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Raf Simons' Nightmares and Dreams

Raf Simons proves that a good nightmare is much better than a bad dream.
Raf Simons Autumn/Winter 2016 | Source:
  • Tim Blanks

PARIS, France — David Lynch turned 70 today. "I'm dedicating the show to him," Raf Simons said after a presentation that stepped fearlessly through Lynch's nightmarish mirror of apple-pie Americana. Nightmares and Dreams he called it, and it was a brilliant, disturbing descent into a world where imperfections ruled, where youthful idealism had been literally chewed to shit, where the woods were dark and full of danger. Welcome to Raf's nightmare.

The one-sheet scrupulously handed out to each guest listed eight groups of four notions each. The first group named Lynch and his musical collaborator Angelo Badalamenti, the designer Martin Margiela, who continues to be all things to Simons, and the artist Cindy Sherman, whose travelling show is called Untitled Horrors. The last group listed the titles of four Raf Simons shows from way back, when his exaltation of adolescence marked him as a fashion visionary.

Between those two groups was a free-associating grab-bag of adolescent hope, fear, confusion, pain, from Freddy Krueger's Elm Street to Larry Clark's Tulsa, from boy scouts to The Breakfast Club. And at the very end waited the Black Lodge and the White Lodge, from Lynch's Twin Peaks, where terror came home to rest.

The list was by turns funny, macabre, evocative, provocative, and it merited analysis — like the one you’ve just been subjected to — because it so clearly clarified Simons’s state of mind, the bird flying free from the big Paris fashion cage, finding his wings again. Reflecting on that clarity, and the twenty years — already? — that he has been doing what he does, he said, “You start to see you have your own uniform.”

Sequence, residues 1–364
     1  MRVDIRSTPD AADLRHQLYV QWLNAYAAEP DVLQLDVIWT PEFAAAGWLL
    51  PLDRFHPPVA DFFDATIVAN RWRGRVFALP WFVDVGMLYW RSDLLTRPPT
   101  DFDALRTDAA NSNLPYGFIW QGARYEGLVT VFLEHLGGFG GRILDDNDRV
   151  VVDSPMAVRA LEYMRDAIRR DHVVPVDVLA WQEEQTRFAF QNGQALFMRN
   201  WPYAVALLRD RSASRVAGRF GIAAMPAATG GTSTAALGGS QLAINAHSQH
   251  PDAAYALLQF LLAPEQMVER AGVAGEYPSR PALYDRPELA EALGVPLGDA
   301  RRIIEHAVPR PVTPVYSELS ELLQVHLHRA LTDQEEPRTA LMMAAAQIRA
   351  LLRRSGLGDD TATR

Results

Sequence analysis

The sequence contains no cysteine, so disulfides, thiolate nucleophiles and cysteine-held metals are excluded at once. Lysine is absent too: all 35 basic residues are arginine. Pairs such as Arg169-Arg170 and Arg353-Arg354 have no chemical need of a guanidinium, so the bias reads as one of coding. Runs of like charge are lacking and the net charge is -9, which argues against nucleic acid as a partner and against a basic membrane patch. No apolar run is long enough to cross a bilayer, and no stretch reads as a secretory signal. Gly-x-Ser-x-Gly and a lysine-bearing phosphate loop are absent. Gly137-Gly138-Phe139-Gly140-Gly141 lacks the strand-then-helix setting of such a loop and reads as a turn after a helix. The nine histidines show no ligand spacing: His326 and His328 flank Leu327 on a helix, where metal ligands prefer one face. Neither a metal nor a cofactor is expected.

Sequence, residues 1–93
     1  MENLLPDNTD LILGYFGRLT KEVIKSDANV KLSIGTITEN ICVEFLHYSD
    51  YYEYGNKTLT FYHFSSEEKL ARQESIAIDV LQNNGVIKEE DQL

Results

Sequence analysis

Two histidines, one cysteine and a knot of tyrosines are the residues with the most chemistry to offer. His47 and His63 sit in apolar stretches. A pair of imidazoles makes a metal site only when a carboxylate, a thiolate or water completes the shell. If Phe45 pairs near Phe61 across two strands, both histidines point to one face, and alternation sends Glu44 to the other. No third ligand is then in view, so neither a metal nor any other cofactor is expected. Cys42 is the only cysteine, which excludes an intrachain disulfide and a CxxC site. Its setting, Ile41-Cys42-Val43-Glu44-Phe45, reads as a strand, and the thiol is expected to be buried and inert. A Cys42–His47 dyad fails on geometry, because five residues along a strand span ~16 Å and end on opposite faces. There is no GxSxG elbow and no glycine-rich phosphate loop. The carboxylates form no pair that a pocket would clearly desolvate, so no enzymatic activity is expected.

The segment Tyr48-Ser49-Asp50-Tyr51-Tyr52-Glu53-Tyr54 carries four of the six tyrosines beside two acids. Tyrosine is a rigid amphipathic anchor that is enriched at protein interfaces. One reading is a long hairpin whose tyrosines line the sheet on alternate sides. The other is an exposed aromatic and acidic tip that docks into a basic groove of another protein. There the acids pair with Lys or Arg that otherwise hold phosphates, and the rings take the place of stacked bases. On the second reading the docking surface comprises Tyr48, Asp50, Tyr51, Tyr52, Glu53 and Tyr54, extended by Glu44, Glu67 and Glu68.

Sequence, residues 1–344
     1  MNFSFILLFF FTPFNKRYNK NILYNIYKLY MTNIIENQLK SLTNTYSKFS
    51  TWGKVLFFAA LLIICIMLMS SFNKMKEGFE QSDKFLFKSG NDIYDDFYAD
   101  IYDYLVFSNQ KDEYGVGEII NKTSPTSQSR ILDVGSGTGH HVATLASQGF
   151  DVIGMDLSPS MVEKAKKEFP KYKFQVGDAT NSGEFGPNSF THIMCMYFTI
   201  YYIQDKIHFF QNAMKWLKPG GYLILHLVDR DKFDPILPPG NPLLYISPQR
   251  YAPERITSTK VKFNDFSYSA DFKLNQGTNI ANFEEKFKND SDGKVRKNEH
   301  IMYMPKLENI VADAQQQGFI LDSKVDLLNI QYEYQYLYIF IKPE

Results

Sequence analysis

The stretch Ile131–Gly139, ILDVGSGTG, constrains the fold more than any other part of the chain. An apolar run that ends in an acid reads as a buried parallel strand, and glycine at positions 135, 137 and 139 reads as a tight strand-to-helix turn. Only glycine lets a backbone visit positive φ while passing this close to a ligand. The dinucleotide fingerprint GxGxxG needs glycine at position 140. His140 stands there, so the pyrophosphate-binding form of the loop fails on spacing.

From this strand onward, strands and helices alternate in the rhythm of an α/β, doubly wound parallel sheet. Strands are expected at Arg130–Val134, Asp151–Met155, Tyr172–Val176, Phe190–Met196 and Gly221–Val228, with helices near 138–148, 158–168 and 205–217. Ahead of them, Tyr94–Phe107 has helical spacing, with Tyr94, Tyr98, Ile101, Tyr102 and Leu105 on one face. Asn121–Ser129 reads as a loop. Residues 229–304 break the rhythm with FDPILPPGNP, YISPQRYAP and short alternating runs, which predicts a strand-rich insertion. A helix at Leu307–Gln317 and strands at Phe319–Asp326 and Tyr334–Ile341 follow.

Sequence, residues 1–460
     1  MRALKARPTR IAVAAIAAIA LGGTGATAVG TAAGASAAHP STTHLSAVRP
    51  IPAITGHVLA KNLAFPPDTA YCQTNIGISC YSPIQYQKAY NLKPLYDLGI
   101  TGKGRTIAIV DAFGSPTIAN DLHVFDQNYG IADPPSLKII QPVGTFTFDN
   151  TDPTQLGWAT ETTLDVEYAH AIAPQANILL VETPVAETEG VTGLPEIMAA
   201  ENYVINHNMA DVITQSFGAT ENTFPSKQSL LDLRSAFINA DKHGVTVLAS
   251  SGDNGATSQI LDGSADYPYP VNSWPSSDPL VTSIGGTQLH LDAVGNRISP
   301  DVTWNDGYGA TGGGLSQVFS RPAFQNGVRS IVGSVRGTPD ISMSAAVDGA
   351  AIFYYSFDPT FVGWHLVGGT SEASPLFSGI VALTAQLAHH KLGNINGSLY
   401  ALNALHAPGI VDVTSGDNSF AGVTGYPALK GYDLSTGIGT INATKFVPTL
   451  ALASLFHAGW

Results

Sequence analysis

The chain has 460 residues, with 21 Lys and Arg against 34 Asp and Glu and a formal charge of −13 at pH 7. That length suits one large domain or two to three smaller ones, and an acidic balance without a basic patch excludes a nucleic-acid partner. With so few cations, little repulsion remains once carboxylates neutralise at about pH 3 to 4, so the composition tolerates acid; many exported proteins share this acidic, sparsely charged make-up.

And there it was: the skinny and the oversize, the moth-eaten and the bandbox new, the innocent and the experienced. Clothes to grow into and out of, clothes to cherish, clothes to discard. The wardrobe of a boy who is living in his own head, pictures forming as he listens to his music, pictures dissolving as he finds new sounds. All the time, the real world is chewing at his consciousness, wanting him to change. So he moves further away, into the woods. BAM! Twin Peaks. Like every other darkling dreamer of his generation, Simons surrendered to Lynch's vision. The extent of that surrender was elucidated on his catwalk tonight where his models had the dazed mien of college boys who'd been to hell and back with Laura Palmer.

Adding a sinister subtext, Kim Fowley, the monstrous Svengali of LA punk, was growling about "young American boys and girls" on the soundtrack at that particular point. Later, Elvis crooned Blue Moon and Tommy James quavered his way through Crimson and Clover and, in this context, both songs were a reminder of Lynch's unhinging use of  the bland Blue Velvet in his film of the same name.

Everyone remembers the scene in Nightmare on Elm Street where Freddy's arms stretch till his fingers scrape down alley walls. Simons managed a similar macabre extension with his sleeves tonight. Knitwear gnawed (like Freddy's) trailed southwards. So did coats and massively inflated puffa jackets, all mounted on pipe-stem legs like something from another nightmare, Tim Burton's. Letter sweaters, staple item for big men on campus, were torn and frayed, the American dream in tatters. (You can choose to be as political as you like with that, but don't expect Simons to follow you.) Simons insisted he didn't want to tell a story. Too late. "I'm just making beautiful things, and things go wrong and dark," he said. David Lynch couldn't have put it more succinctly. Sensational.

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The Business of Fashion

Agenda-setting intelligence, analysis and advice for the global fashion community.
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